An insurance company didn’t want to pay this workers’ comp claim because the worker was drunk at the time he was injured.
Thomas Phillips performed yard work and minor home repairs as part of his lease agreement for a trailer with Norman and Diane Crocker. Phillips received a rent reduction for doing the work.
On Aug. 11, 2006, Norman Crocker asked Phillips to remove a branch from a tree. The next day, Phillips fell from a ladder while cutting the branch with a chainsaw. No one witnessed the fall. Phillips’ wife found him on the ground and called the Crockers who arrived. Norman Crocker later said it appeared the branch snapped in half, causing Phillips to lose his balance and fall. Phillips was rendered a quadriplegic as a result.
A blood test taken when Phillips arrived at the hospital showed his blood alcohol content to be .27.
On Aug. 10, 2009, Phillips filed a workers’ comp claim. The Crockers’ insurance company, State Farm, denied the claim for four reasons:
- there was no employer-employee relationship
- Phillips’ injury wasn’t causally related to employment
- Phillips was at fault for his injury, and
- Phillips didn’t provide timely notice of his injury to the Crockers (New Hampshire law requires the employee notify the employer about an injury within two years).
A New Hampshire Department of Labor hearing officer determined Phillips was entitled to workers’ comp benefits. State Farm appealed to the New Hampshire Compensation Appeals Board (CAB).
The CAB found:
- Phillips was an employee of the Crockers
- he failed to provide timely notice of his injury to his employer
- Phillips was intoxicated at the time of his injury, and
- the Crockers didn’t know Phillips was drunk when he fell.
Saying he didn’t file a timely notice to his employer and he was drunk at the time, the CAB reversed the hearing officer’s decision and denied workers’ comp benefits to Phillips. The case then went to the New Hampshire Supreme Court.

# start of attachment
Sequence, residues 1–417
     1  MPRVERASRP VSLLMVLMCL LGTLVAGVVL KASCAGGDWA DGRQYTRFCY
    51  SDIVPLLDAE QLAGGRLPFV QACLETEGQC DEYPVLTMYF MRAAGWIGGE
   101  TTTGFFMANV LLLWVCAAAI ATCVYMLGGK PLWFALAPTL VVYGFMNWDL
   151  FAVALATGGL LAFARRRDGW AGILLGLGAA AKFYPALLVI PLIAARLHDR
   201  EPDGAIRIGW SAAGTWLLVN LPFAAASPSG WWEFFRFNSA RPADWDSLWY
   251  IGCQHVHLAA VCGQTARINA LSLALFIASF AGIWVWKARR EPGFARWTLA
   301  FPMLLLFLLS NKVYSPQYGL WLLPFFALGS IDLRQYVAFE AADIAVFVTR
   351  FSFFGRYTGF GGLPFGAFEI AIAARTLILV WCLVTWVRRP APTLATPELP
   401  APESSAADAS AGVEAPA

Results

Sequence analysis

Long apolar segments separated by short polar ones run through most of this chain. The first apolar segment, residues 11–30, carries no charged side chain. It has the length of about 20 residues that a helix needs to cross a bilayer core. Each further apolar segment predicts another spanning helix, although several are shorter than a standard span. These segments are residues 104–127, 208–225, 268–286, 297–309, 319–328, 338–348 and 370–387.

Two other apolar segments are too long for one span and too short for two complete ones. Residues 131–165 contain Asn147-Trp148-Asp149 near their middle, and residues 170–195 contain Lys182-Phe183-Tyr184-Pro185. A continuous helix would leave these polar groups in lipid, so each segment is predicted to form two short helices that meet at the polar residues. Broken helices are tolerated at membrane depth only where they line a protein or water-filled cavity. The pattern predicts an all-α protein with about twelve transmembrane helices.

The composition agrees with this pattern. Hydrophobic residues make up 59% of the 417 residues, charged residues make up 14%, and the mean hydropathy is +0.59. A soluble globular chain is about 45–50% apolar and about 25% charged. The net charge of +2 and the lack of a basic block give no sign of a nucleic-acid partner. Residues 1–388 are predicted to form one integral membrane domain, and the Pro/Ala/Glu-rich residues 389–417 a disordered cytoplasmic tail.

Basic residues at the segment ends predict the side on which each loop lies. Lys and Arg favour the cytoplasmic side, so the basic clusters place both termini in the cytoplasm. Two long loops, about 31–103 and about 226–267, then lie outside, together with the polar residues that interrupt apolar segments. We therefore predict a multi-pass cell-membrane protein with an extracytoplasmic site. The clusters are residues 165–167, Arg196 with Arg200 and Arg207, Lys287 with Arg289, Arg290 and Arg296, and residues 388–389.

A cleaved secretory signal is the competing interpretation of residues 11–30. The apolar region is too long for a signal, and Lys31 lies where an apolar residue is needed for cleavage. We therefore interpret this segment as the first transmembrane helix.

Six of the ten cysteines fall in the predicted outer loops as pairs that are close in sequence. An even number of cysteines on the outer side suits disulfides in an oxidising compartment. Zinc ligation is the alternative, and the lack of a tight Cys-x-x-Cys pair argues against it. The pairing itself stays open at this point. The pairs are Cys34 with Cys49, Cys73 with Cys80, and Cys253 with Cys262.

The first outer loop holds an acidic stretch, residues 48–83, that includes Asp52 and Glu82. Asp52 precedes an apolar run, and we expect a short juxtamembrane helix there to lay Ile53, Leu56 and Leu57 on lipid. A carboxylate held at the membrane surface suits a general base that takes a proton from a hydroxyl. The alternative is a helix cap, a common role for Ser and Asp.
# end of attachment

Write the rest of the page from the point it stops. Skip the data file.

Was fall caused by intoxication?
Phillips argued the CAB erred when it ruled he didn’t provide timely notice about his injury to the Crockers. After all, they were there within minutes of his fall.
State Farm argued this wasn’t a typical case because the Crockers weren’t sophisticated employers who would have known Phillips’ injury might make him eligible for workers’ comp benefits. This was a “domestic labor” situation, State Farm argued. The court didn’t buy the argument.
The insurance company also said Phillips’ notice of his injury needed to be in writing. The court said it found nothing in the New Hampshire workers’ comp law that notice about an injury had to be in writing.
On the matter of his alcohol consumption on the day of his injury, Phillips told the court he didn’t dispute that he was intoxicated. However, he argued the Crockers didn’t prove his intoxication caused his injury in part or whole.
New Hampshire’s workers’ comp law states, “The employer shall not be liable for any injury to a worker which is caused in whole or in part by the intoxication of the worker. The provision as to intoxication shall not apply, however, if the employer knew that the employee was intoxicated.”
The court found that the CAB had only ruled Phillips was drunk at the time of his fall, but it didn’t find whether or not his intoxication caused his injury either in part or whole.
Phillips also argued the Crockers knew about his intoxication because he was an alcoholic and usually drank on the job. However, the court said it’s not enough that the employer should have known the employee was intoxicated.
The court remanded the case back to the CAB for it to determine whether Phillips’ intoxication caused his injury either in part or whole. Until that is decided, there’s currently nothing that would deny Phillips from receiving workers’ comp benefits under New Hampshire law.
The take-home: While it’s true that many states deny workers’ comp payments when alcohol is involved in a workplace injury, it has to be shown that alcohol was at least a partial cause of the incident.
What do you think about the court’s decision? Let us know in the comments below.
(Appeal of Thomas Phillips, Supreme Court of NH, No. 2011-683, 8/21/13)